At SSI, we believe that sustainably fortifying healthcare delivery systems in underserved and disadvantaged communities is key to long term improvement in health outcomes, quality of life and overall life expectancy. For many people in Africa, access to healthcare is truly a gift of hope that works to break the cycle of poverty.
Cardiovascular disease is the leading cause of death worldwide and hypertension is the leading associated risk factor[i]. Stroke affects 33 million individuals worldwide every year and two-thirds of all strokes occur in developing countries [ii], [iii]. Additionally, people with diabetes in developing countries will comprise greater than 70 % of the global diabetes burden by the year 2035[iv]. In Africa, chronic viral hepatitis affects over 70 million Africans (60 million with Hepatitis B and 10 million with Hepatitis C) with women playing a critical role in disease transmission in Africa, with high rates of mother to child transmission of Hepatitis B infection. Most of the burden of Hepatitis B comes from infections acquired before the age of 5 years. Infected children develop persistent hepatitis and are more likely to develop progressive liver disease and cancer in early adulthood[v].
By 2030, it is projected that non-communicable diseases will account for more than three-quarters of deaths worldwide; cardiovascular diseases alone will be responsible for more deaths in low-income countries than infectious diseases (including HIV/AIDS, tuberculosis, and malaria), maternal and perinatal conditions, and nutritional disorders combined[vi].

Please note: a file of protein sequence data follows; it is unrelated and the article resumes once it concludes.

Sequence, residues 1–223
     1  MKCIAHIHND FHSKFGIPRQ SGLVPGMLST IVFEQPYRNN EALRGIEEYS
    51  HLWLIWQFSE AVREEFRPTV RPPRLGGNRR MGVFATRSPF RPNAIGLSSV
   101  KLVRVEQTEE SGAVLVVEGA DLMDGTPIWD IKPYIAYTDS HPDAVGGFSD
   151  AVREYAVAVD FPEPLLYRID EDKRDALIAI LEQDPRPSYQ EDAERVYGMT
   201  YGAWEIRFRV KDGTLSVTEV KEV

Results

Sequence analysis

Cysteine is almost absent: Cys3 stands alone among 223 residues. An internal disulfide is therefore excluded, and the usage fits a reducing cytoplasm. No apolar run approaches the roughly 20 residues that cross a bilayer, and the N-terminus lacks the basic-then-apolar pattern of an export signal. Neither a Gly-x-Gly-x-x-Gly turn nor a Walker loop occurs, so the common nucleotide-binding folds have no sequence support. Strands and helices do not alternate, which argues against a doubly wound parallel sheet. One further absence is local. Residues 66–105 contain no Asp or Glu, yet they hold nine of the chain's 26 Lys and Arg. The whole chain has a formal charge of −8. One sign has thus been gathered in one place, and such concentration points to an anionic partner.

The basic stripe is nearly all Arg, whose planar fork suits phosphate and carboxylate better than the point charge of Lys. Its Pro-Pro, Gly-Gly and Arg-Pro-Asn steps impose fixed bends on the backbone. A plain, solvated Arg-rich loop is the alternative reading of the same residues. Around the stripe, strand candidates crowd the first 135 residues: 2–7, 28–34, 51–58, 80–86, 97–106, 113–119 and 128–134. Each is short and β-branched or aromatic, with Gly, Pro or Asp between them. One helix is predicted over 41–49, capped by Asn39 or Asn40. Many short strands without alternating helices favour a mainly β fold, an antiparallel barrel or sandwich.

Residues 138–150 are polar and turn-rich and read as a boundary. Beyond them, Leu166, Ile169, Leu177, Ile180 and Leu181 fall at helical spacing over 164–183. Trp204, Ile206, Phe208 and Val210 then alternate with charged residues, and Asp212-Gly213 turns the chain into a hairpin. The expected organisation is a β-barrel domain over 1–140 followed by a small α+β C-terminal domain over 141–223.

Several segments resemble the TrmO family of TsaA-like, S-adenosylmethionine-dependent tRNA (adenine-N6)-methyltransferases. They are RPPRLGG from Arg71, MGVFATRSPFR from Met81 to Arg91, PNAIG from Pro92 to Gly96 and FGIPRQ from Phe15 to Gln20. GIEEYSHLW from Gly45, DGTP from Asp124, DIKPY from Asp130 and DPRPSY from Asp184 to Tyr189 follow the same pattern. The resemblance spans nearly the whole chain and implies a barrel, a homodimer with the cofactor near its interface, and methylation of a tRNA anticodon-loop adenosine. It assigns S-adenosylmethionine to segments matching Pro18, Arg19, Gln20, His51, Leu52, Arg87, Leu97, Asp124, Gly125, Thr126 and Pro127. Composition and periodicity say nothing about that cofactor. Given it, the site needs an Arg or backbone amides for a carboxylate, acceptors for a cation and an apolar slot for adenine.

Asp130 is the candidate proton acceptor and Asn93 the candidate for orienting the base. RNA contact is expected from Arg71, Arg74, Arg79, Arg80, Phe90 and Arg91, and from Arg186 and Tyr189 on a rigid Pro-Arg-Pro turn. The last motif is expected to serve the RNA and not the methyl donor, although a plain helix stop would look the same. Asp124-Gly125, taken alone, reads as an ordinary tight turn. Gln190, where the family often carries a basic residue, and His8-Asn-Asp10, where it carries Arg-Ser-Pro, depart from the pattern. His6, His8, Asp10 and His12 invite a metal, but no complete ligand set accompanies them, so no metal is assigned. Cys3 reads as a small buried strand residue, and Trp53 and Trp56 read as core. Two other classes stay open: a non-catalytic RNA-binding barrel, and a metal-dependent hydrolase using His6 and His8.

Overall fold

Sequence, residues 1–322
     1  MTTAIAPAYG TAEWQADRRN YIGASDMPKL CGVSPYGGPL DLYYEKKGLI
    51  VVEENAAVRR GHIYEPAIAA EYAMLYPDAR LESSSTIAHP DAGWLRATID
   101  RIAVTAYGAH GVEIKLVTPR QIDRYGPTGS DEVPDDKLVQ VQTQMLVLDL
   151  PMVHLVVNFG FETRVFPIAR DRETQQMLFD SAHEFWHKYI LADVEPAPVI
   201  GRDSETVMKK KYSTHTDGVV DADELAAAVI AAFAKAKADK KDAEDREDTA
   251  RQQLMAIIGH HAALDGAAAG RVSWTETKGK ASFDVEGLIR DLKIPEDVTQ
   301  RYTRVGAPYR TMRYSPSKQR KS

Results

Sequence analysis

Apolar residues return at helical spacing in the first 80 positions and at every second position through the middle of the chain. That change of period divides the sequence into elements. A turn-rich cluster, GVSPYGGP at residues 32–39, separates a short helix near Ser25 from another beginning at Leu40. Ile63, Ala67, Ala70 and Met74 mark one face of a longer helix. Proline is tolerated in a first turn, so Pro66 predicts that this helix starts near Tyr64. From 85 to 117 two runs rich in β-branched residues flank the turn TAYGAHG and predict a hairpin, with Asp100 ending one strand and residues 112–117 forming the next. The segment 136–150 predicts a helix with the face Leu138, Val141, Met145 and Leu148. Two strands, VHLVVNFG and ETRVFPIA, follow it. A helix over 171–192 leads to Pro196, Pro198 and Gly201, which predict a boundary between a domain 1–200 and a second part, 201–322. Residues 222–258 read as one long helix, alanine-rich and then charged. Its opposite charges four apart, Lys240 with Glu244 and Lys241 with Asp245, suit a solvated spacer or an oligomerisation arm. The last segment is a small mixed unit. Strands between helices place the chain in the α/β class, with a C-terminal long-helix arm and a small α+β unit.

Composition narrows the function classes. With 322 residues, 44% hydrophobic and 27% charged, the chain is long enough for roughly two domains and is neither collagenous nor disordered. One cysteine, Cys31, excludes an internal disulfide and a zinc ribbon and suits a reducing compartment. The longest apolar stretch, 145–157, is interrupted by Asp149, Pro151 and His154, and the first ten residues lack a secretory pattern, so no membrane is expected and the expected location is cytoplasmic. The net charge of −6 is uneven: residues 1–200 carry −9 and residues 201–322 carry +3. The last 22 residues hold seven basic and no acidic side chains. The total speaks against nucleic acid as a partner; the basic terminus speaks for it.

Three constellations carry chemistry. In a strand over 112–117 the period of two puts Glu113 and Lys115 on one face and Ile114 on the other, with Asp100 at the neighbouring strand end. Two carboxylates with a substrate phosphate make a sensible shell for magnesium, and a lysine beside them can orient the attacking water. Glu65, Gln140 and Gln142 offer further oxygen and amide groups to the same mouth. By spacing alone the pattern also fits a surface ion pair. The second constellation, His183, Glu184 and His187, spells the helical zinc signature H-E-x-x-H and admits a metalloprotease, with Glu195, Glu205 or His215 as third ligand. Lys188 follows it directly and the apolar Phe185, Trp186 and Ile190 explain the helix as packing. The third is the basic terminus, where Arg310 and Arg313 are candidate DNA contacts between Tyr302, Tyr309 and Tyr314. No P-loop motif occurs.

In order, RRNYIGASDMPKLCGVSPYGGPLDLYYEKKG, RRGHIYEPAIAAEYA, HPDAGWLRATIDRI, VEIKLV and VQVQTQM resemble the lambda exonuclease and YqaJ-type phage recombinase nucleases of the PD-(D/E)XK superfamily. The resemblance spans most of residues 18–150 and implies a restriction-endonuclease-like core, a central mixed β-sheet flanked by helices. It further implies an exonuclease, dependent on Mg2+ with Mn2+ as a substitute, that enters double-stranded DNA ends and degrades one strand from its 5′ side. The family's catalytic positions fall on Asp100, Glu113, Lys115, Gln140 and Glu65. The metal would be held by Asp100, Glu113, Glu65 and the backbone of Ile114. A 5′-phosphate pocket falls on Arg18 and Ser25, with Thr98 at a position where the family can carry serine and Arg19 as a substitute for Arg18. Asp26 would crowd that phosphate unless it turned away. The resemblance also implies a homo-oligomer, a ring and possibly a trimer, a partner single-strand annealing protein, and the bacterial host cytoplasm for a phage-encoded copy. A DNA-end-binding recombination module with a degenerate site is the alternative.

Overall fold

The societal costs of these chronic diseases will undoubtedly be profound. The under-resourced healthcare systems in Africa will become increasingly overburdened and the loss from the workforce of adults in their prime will have profound economic effects on families and communities. The increasing population within the sub-Saharan African region [vii], projected to be the highest in the world by 2050, will no doubt create more unmet demand for health services and put more pressure on already frail and fledgling health systems.
In the light of these challenges, SSI aims to address barriers to sustainable healthcare systems in the low resource communities within Africa as well as reducing the health impact of these chronic diseases through education and improved access to diagnostic and therapeutic health services.
There are at least 400 million people living below the poverty line in Africa today. This is one in every three Africans and they represent more than 70 percent of the world’s poorest people [viii]. Without your help, generations of people in Africa, especially vulnerable populations of children and women, may not have access to life-saving healthcare services that will enable them to realize their lives’ potential. Please assist SSI in its mission to give the invaluable gift of healthcare to people in underserved communities in Africa and help them achieve healthy and fulfilled lives.